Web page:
Health and Housing
This comment piece was co-written by Piers Williamson, Chief Executive of THFC, and Dr Angela Donkin, Senior Consultant at UCL’s Institute of Health Equity (IHE). It was originally published on 31st October 2023 in Social Housing magazine.
Housing associations are well aware that their remit goes far beyond simply building affordable homes.
Increasingly, registered providers are expanding their role in areas such as placemaking, employment support, loneliness and fuel poverty.
But an important aspect of their work is the connection between housing quality and the impact this can have on public health.
The link between health and housing has been studied and the findings are often stark, but this connection is sometimes lost among the siloed thinking of government.
For instance, the World Health Organisation calculates that 30 per cent of excess winter deaths are due to cold homes.
In 2018, the last time that comparable European data was available, the UK ranked sixth worst out of 30 European countries for excess winter deaths.
Poor housing conditions can lead to respiratory conditions, cardiovascular disease and communicable disease transmission.
In addition, children living in overcrowded homes are more likely to be stressed, anxious and depressed, have poorer physical health and perform less well at school.
The social housing sector often talks about the UK’s housing stock being some of the draughtiest in Europe, and there is a firm commitment by the majority of housing associations to improve energy efficiency.
Of course, looming large over conversations about retrofitting social housing is the question of cost.
One way of communicating to government the importance of this work, we believe, is by continuing to highlight the inextricable link between health and housing.
Again, research is being conducted in this area, and BRE Group has recently estimated that tackling the very worst cold homes (just over 700,000 homes, with half a million being owner-occupied) with an Energy Performance Certificate rating of F or G could save the NHS £540m per year.
However, many more than 700,000 households are unable to heat their homes. The Joseph Rowntree Foundation reported this year that over three million low-income households in the UK were unable to keep their homes warm in 2022.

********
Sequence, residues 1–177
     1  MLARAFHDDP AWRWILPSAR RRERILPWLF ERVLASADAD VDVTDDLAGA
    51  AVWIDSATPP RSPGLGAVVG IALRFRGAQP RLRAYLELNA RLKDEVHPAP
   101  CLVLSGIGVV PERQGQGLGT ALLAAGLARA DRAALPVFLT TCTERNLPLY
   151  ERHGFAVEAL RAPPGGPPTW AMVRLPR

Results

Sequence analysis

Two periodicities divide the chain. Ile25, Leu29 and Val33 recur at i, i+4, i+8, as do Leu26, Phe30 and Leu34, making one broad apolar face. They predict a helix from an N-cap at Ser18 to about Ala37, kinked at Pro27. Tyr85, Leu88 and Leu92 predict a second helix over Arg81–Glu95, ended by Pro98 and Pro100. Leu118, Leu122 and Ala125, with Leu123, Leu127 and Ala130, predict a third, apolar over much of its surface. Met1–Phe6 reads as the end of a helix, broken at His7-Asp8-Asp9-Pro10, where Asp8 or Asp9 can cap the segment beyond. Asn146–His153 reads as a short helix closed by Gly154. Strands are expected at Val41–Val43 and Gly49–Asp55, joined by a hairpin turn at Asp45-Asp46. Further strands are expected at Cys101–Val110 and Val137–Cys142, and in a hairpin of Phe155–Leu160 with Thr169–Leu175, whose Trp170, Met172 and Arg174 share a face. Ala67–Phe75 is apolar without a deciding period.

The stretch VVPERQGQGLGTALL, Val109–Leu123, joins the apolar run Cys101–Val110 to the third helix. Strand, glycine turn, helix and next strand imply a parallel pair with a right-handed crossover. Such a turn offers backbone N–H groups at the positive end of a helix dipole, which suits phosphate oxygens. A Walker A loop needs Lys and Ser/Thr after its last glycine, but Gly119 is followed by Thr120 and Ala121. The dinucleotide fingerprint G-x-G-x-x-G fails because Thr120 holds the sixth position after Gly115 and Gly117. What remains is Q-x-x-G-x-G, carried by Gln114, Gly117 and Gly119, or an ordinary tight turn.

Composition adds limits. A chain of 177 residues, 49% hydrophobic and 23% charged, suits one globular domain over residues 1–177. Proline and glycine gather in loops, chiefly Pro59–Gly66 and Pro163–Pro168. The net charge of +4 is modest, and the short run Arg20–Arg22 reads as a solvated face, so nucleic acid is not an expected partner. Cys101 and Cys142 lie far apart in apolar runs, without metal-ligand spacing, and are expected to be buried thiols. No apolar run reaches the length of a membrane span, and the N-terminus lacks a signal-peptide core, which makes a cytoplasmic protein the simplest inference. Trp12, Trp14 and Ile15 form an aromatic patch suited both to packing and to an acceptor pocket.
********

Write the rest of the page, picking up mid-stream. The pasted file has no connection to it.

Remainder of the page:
With an ongoing cost of living crisis, we are likely to see a similar story play out this winter.
The healthcare system and the housing crisis represent two of the ‘big ticket’ domestic policy challenges that politicians continue to struggle with.
As we look ahead to a general election, most probably in 2024, more needs to be done to acknowledge the link between them and to communicate this to government.
The nature of the healthcare system means that it is reactive, often lurching from one crisis to the next, be that bed-blocking, staffing or the pandemic.
To politicians, housing should represent one clear-cut, proactive measure they can explore, which can ease pressure on the NHS in the long run.
The opportunities that exist for closer alignment between health and housing policy are enormous and should be further explored.
We have seen early examples of greater cross-sector working through the likes of ‘social prescribing’, whereby people receive non-medical help through local community organisations to improve their health and well-being.
Local authorities and housing associations have regular contact with their local communities, and this can be leveraged via innovative solutions to ultimately ease the burden on the healthcare system.
There is no doubt that the housing association sector is committed to improving the quality and energy efficiency of its homes.
To achieve these aims, the conversations around retrofit should go beyond housing circles and look to align with similar discussions happening in the health and well-being sector.
THFC will be hosting a seminar on the subject of “health and housing” on 9th November in London.